Delayed Thinking or Non-thinking about UFOs (and everything else)
While reading the latest (5/20/16) TLS [Times Literary Supplement], I realized that my UFO cronies, reading and commenting here and at other blogs, such as Kevin Randles, are not up-to-speed about the current thinking and advances in areas of science that may impact the UFO phenomenon: neuroscience, astronomy, quantum mechanics, psychology, botany, atmospherics, archaeology, entomology and other disciplines.
For example, my seeming obsessions with plant life (piloting UFOs), AI (artificial intelligence, piloting UFOs or the UFOs themselves), the madness of society (and ufologists) all could factor (or do) what UFOs may be.
A new book about plants, The Cabaret of Plants by Richard Mabey [Profile, £20], reviewed by Jennifer Potter in TLS, Page 32, has this:
“ … plants have complicated and proactive sensory systems that command respect … plants can ‘learn’ to ignore repeated stimuli, and even ‘remember’ what they have learned.”
Author of the book. Mabey, wonders why Paleolithic cave paintings contain no representations of plants (as plants were not, I surmise, relevant to Paleolithic survival).
But plants have been with mankind and existed long before humans evolved from the primordial soup that brought together the ingredients from which humanity sprung forth according to Darwinian theory.
So, if the human species originated in a hodge-podge of disparate chemical agents, why couldn’t plants have done so too? And, maybe, evolved elsewhere in the cosmos, to become sentient beings with animation and high intelligence?
Quantum mechanics and its theorists are now allowing that consciousness impacts Quantum Cosmology but that “an ill-defined, nebulous, and quasi-supernatural concept such as ‘consciousness’ a central role in the formulation of a physical theory seems … to be a great backward leap toward mysticism.” [Enrico Rodrigo, in The Physics of Stargate, page 73, Larry L’s recommended book]
And ninety-two year old, polymath Nicholas Mosley, whose book Tunnel Of Babel [Dalkey Archive, PB, $14] is discussed in TLS [ibid] as engaging readers in a welter of “idiosyncratic” musings on “Darwinism, Gödel’s incompleteness theories, quantum mechanics, and astrophysics.”
Has anyone, sloughing along here, read, or will get this book? No. They will scour the internet for their edification, thinking they have received or are receiving bountiful doses of information and intellectual acumen.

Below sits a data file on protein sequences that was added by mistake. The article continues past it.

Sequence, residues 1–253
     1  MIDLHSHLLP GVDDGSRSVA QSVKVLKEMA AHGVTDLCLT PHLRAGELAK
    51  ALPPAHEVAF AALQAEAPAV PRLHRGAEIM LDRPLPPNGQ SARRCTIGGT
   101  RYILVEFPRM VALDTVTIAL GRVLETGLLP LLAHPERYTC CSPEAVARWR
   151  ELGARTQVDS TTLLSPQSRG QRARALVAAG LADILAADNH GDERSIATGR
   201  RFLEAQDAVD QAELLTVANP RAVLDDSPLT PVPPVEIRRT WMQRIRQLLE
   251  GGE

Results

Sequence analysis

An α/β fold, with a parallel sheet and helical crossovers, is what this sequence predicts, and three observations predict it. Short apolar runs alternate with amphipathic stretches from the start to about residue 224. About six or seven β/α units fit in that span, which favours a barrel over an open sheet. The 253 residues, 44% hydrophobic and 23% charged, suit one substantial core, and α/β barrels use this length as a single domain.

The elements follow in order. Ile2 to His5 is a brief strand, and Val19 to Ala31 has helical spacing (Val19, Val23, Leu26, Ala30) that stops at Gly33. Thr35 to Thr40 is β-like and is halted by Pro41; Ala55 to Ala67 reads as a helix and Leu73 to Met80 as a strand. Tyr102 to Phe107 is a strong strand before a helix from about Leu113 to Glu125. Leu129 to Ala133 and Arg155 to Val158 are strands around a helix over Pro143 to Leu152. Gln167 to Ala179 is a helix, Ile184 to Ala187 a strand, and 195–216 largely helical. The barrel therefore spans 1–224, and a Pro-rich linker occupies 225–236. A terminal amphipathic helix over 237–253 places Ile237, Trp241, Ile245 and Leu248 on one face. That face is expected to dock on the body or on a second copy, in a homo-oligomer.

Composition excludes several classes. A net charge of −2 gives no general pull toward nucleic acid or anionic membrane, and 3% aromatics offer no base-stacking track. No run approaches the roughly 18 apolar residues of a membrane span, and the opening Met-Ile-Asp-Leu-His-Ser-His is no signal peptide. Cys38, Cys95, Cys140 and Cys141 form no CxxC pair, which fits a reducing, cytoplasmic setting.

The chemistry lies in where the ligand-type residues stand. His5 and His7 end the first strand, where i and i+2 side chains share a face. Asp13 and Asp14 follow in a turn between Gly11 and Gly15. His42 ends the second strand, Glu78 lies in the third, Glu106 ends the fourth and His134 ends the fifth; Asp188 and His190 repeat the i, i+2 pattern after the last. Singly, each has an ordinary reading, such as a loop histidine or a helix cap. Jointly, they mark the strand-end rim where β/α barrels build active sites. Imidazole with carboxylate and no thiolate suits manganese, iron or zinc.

As for AI (artificial intelligence) and the thinking on intelligent machines, do I believe that readers and commentary here derive from reading the latest news bulletins and book on the topic? I do not.
Nick Bostrom’s book, Superintelligence: Paths, Dangers, Strategies [Oxford University Press, Oxford, UK, 2014] is a must read, for anyone hoping to cope with the vicissitudes of AI thinking today.
Yet, there are a plethora of books on the topic – many noted at this blog – such as Our Final Invention by James Barrat [Thomas Dunne Books/St. Martin’s Griffin, NY, 2013] and Jack Copeland’s Artificial Intelligence: A Philosophical Introductions [Blackwell Publishing, Malden, MA, 1993] and all of the ray Kurzweil oeuvre.
But no one will get them or read them….they may read about them but the books themselves will not get a perusal.
I won’t mention the elaborate studies in ant societies and the insect world, the intelligence (non-instincts) of bugs and how they dominate the planet in many ways, and may have evolved elsewhere in the cosmos, allowing for visitations via UFOs as suggested by Gerald Heard in his discounted (by almost everyone) 1950 book The Riddle of the Flying Saucers.
As for living in The Matrix or humans being part of a computer simulation, tying the concept to theological ruminations, such as Teilhard de Chardin’s views or science fiction(s), few, if any, readers here are competent to bring forth passages from current books on the matter, instead providing snippets from the internet, that are not pithy but glib or facile.
Yet, many would presume to be intelligent or well-read, when that is not the case at all.
Go to Kevin Randle’s blog – kevinrandle.blogspot.com – to see an inordinate gathering, in the commentary, of retro-active thought and sometimes non-thought.
That a few seemingly intelligent ufologists or UFO buffs would indulge, redundantly, themselves on old UFO minutiae (mostly about Roswell) without considering the UFO phenomenon itself, is not only sad but pathetic.
Sure, Roswell should be cleansed of its errant biographies and hear-say, but to do so, over and over again, is a waste of brain power and time, when UFOs need new, interesting theories of explanation, as the phenomenon is as cryptic today as it was back in 1946 or even earlier.
Yet, the wastrels will not move forward, locked into a nostalgic, perhaps, aura of flying disks that sated their adolescent imaginations.